Turkey's AKP gambles on new elections
After failing to secure a parliamentary majority in June and weeks of failed coalition talks, Turkish Prime Minister and Justice and Development Party (AKP) chairman, Ahmet Davutoglu has returned the mandate to form a government to President Recep Tayyip Erdogan, putting the country on course for new elections this autumn.
Erdogan could now hand the mandate to form the government to the Republican People's Party (CHP), which came second in the elections, however it is unlikely given his reported opposition to a coalition government.
Last week, while PM Davutoglu, a former foreign minister and Erdogan adviser, was conducting coalition talks, the CHP's leader, Kemal Kilicdaroglu, accused Erdogan of obstructing the coalition efforts - a view shared by many but denied by Erdogan.
Erdogan is apparently betting that this time around the AKP, a party he founded and led for more than a decade and retains considerable power over the party apparatus, could reverse its losses.
Opponents have accused Erdogan of launching the military operations against the rebels of the Kurdistan Workers' Party (PKK) in a bid to win nationalists' support and discredit a pro-Kurdish party, whose gains in the June election deprived the AKP of its majority.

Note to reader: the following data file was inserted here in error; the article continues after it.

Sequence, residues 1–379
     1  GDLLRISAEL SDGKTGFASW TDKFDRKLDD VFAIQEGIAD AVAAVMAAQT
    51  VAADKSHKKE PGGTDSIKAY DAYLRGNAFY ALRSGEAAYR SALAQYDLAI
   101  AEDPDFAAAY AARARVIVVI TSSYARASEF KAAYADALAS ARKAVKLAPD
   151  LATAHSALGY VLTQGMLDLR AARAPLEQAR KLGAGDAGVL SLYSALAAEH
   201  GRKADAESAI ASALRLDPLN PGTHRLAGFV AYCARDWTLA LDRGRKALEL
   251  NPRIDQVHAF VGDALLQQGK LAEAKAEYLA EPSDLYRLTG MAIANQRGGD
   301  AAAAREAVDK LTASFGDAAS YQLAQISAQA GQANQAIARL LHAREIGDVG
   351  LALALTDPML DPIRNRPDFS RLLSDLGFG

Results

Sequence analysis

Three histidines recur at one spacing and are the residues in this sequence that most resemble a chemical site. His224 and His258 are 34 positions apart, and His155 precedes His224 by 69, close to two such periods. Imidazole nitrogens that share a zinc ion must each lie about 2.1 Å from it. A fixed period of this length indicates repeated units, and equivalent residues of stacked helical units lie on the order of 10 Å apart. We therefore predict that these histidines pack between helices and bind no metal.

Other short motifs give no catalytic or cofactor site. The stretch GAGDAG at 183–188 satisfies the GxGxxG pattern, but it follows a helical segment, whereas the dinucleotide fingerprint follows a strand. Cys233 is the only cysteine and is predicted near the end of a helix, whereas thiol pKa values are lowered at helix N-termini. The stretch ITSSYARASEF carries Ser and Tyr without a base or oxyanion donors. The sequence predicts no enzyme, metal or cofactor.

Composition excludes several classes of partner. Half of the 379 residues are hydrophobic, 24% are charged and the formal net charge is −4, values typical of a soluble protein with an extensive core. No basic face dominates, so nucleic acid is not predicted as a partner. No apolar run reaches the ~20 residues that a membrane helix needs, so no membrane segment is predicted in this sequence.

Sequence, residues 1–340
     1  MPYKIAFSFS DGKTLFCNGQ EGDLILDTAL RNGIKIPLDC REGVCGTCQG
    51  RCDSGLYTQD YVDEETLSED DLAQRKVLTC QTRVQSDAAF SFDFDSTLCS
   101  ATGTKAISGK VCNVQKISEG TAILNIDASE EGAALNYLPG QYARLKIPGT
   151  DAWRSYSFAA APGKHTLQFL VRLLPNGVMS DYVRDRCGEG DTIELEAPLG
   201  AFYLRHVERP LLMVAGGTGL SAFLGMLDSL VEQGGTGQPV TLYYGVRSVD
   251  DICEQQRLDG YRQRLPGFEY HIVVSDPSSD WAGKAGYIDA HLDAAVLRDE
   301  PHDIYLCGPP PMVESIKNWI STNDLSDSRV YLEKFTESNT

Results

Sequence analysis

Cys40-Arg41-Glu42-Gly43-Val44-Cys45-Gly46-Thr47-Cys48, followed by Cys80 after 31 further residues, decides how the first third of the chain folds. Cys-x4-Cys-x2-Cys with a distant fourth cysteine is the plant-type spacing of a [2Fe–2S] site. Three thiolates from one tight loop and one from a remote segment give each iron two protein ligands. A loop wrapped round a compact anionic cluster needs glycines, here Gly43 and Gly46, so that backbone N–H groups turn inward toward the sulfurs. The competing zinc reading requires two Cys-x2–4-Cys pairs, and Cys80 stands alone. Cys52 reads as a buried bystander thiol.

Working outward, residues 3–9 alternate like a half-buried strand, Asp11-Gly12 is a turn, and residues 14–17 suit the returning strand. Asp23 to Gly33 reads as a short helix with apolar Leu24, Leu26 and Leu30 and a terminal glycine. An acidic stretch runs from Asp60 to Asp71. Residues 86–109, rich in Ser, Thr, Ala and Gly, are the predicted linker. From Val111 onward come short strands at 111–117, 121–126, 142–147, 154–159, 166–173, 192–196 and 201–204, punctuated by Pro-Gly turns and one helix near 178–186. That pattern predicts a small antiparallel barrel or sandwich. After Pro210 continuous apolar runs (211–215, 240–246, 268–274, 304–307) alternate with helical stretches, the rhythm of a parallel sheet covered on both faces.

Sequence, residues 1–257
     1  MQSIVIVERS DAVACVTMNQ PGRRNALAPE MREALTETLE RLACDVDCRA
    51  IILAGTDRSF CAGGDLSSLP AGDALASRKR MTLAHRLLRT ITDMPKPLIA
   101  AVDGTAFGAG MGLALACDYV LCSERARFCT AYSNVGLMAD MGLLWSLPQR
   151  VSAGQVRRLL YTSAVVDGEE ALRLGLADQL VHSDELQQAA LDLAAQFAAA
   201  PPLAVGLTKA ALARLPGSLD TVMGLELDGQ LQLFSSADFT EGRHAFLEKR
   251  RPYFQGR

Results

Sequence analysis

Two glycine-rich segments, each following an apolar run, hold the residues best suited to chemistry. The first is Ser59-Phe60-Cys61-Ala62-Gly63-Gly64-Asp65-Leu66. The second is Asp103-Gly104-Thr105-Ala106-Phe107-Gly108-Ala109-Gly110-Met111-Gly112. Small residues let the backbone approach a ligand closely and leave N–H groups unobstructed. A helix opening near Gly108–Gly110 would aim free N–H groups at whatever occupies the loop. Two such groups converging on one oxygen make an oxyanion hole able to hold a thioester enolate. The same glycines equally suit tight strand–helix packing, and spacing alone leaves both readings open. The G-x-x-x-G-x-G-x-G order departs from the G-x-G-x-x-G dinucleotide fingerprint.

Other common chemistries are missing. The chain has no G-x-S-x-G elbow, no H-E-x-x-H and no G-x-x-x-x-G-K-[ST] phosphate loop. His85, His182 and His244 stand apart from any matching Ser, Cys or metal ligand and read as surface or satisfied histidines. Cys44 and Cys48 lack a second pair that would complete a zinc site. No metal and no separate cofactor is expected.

Last week, Erdogan cited the violence - which has wrecked a nearly three-year old peace process - in stressing the need for a strong government.
The government rejects any political motivation behind the military strikes, insisting that the operations were launched in response to PKK attacks on police and the military.
"The gamble is that the people will go back to the safe embrace of the AKP," said Svante Cornell, Director of the Central Asia-Caucasus Institute.
But a new election at a time of escalating violence between Turkey's security forces and Kurdish rebels - and amid Turkey's deeper involvement in the US-led campaign against the Islamic State group (IS) - could backfire.
"To go the polls at a time when people are being killed every single day can have a downside," said Sinan Ulgen, chairman of the Istanbul-based EDAM think tank. "The arithmetic in Parliament won't necessarily change."